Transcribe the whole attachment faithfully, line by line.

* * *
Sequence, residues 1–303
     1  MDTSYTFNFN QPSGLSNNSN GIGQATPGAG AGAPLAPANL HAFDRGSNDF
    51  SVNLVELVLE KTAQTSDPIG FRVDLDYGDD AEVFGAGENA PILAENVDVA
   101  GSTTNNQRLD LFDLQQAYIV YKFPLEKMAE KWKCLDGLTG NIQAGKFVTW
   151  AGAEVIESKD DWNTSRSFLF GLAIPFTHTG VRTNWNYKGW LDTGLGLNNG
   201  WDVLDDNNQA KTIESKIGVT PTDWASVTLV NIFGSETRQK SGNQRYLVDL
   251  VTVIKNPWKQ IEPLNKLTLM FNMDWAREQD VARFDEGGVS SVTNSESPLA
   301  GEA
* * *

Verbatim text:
Sequence, residues 1–303
     1  MDTSYTFNFN QPSGLSNNSN GIGQATPGAG AGAPLAPANL HAFDRGSNDF
    51  SVNLVELVLE KTAQTSDPIG FRVDLDYGDD AEVFGAGENA PILAENVDVA
   101  GSTTNNQRLD LFDLQQAYIV YKFPLEKMAE KWKCLDGLTG NIQAGKFVTW
   151  AGAEVIESKD DWNTSRSFLF GLAIPFTHTG VRTNWNYKGW LDTGLGLNNG
   201  WDVLDDNNQA KTIESKIGVT PTDWASVTLV NIFGSETRQK SGNQRYLVDL
   251  VTVIKNPWKQ IEPLNKLTLM FNMDWAREQD VARFDEGGVS SVTNSESPLA
   301  GEA